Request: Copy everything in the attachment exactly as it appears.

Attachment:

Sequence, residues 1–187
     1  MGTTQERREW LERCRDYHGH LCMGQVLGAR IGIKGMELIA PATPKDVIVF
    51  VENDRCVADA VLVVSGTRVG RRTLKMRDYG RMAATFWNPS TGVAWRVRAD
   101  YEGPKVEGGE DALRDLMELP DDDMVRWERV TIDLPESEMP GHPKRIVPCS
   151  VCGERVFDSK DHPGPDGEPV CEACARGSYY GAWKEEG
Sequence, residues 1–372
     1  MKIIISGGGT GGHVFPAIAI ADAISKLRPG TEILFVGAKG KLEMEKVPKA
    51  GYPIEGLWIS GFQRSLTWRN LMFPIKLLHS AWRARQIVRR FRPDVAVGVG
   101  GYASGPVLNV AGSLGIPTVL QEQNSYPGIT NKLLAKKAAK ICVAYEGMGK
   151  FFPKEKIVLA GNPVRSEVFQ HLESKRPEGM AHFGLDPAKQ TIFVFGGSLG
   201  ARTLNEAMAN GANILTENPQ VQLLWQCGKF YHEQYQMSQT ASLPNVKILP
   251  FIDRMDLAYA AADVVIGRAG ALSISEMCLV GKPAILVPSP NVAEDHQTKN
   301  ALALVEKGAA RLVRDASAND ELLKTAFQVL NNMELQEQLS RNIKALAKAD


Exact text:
Sequence, residues 1–187
     1  MGTTQERREW LERCRDYHGH LCMGQVLGAR IGIKGMELIA PATPKDVIVF
    51  VENDRCVADA VLVVSGTRVG RRTLKMRDYG RMAATFWNPS TGVAWRVRAD
   101  YEGPKVEGGE DALRDLMELP DDDMVRWERV TIDLPESEMP GHPKRIVPCS
   151  VCGERVFDSK DHPGPDGEPV CEACARGSYY GAWKEEG
Sequence, residues 1–372
     1  MKIIISGGGT GGHVFPAIAI ADAISKLRPG TEILFVGAKG KLEMEKVPKA
    51  GYPIEGLWIS GFQRSLTWRN LMFPIKLLHS AWRARQIVRR FRPDVAVGVG
   101  GYASGPVLNV AGSLGIPTVL QEQNSYPGIT NKLLAKKAAK ICVAYEGMGK
   151  FFPKEKIVLA GNPVRSEVFQ HLESKRPEGM AHFGLDPAKQ TIFVFGGSLG
   201  ARTLNEAMAN GANILTENPQ VQLLWQCGKF YHEQYQMSQT ASLPNVKILP
   251  FIDRMDLAYA AADVVIGRAG ALSISEMCLV GKPAILVPSP NVAEDHQTKN
   301  ALALVEKGAA RLVRDASAND ELLKTAFQVL NNMELQEQLS RNIKALAKAD